Chest Compression Rate
Where Is the Sweet Spot?
The first description of modern cardiopulmonary resuscitation (CPR) included the instruction to compress the chest “about 60 times per minute”1; however, the optimal compression rate was unknown. Franz Koenig is credited with describing the original technique for external cardiac massage, which included a compression rate of 30 to 40 per minute.2 But in the first published description of external cardiac massage in 1892, Friedrich Maass documented a better clinical response with a rate of 120 per minute.2 To this day, the optimal compression rate is the subject of controversy. Animal data indicate that cardiac output increases with compression rates up to as high as 150 per minute.3 In a canine model of prolonged cardiac arrest, compression rates of 120 per minute compared with 60 per minute increased mean aortic (systolic and diastolic) and coronary perfusion pressures, and 24-hour survival (61% versus 15%, P=0.03).4 In a study of 9 patients undergoing CPR, a compression rate of 120 per minute generated higher aortic peak pressures and coronary perfusion pressures compared with a compression rate of 60 per minute (the rate recommended by the 1980 American Heart Association [AHA] guidelines). This evidence is supported by another study of 23 patients in cardiac arrest in which compressions at 120 per minute resulted in significantly higher end-tidal carbon dioxide values compared with compressions at 80 per minute.5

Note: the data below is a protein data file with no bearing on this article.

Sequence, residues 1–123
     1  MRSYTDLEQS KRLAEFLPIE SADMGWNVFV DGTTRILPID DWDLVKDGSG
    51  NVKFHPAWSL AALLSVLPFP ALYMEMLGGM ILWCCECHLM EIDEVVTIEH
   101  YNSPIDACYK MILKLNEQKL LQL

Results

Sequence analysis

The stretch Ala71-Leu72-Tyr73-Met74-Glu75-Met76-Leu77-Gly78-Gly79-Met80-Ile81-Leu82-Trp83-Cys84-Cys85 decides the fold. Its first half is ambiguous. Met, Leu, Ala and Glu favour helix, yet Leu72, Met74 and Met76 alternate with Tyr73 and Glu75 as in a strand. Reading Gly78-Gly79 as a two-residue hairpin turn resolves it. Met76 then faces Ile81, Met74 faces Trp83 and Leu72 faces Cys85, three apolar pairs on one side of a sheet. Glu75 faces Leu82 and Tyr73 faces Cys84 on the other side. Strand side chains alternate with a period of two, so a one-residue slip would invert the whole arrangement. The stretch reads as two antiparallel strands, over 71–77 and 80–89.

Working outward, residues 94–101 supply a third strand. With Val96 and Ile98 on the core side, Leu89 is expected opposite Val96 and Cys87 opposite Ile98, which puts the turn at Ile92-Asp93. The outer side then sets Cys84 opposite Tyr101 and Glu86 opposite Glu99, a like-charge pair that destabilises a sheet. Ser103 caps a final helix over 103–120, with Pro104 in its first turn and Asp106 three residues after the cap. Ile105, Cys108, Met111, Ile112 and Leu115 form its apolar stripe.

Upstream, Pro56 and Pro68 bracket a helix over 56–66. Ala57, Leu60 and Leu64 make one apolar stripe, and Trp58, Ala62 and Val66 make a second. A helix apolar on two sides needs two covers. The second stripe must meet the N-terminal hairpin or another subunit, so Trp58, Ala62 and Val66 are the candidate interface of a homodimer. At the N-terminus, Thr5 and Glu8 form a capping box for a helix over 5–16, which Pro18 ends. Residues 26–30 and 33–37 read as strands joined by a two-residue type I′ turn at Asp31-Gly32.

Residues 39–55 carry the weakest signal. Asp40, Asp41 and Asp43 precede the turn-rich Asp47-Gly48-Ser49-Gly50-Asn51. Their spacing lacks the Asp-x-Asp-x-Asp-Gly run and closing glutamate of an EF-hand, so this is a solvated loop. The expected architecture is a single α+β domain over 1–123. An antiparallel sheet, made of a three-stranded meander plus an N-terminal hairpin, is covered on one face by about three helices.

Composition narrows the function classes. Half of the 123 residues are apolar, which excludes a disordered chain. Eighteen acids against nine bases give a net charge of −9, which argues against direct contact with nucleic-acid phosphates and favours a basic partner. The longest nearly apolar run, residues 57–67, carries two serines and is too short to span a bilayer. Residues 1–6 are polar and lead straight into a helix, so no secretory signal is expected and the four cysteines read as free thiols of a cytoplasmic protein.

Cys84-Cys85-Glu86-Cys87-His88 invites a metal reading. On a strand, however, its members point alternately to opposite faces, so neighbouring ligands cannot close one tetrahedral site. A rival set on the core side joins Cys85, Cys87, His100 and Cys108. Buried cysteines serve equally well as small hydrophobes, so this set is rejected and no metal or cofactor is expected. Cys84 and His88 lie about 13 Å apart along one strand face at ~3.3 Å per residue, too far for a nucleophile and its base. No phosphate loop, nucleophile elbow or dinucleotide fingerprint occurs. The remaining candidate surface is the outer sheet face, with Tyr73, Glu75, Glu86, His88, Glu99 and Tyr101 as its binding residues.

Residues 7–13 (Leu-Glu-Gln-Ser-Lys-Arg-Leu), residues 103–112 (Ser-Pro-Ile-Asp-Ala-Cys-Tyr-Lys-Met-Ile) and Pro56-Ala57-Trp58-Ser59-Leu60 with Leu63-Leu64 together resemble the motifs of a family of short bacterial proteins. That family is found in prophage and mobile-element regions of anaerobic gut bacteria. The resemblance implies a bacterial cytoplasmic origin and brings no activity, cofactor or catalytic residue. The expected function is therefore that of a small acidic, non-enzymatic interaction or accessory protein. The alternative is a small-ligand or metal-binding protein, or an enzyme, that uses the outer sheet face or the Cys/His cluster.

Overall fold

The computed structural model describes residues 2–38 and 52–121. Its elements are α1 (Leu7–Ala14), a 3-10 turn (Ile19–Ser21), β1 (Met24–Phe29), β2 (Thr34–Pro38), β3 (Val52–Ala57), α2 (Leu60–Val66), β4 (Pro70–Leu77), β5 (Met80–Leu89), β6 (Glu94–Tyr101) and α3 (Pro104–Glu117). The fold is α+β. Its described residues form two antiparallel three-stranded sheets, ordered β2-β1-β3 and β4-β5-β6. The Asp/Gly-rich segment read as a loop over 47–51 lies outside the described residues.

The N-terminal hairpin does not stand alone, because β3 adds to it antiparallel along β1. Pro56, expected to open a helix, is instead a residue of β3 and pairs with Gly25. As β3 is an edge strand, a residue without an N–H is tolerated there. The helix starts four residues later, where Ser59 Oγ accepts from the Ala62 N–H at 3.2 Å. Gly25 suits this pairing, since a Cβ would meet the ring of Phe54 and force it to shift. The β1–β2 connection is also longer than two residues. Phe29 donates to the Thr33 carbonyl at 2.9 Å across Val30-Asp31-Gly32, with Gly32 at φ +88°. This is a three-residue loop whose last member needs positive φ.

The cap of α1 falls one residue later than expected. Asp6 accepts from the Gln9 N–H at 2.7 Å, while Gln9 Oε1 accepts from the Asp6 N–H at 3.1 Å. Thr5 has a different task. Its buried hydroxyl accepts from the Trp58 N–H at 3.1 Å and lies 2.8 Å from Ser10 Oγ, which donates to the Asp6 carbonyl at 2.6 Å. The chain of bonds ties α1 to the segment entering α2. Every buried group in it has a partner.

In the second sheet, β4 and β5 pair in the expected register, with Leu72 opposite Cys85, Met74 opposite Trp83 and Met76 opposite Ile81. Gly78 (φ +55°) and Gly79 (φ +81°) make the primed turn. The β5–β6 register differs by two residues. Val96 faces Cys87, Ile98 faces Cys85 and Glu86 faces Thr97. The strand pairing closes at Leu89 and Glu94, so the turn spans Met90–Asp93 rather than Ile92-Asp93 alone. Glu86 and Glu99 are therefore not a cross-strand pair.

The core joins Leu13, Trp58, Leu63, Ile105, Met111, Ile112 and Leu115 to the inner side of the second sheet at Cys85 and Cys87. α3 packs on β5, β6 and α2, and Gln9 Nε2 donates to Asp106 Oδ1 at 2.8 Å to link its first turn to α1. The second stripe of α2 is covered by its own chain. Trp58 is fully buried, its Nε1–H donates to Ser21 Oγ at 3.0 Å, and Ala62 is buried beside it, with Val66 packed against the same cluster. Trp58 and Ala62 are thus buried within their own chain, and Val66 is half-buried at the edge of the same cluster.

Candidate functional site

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The first large, prospective, observational study of the influence of chest compression rate on patient survival was published in this journal in 2005.6 The number of delivered chest compressions was recorded by trained observers during in-hospital resuscitation attempts. A higher chest compression rate was associated with a higher rate of return of spontaneous circulation (ROSC). The mean chest compression rate for initial survivors was 90 …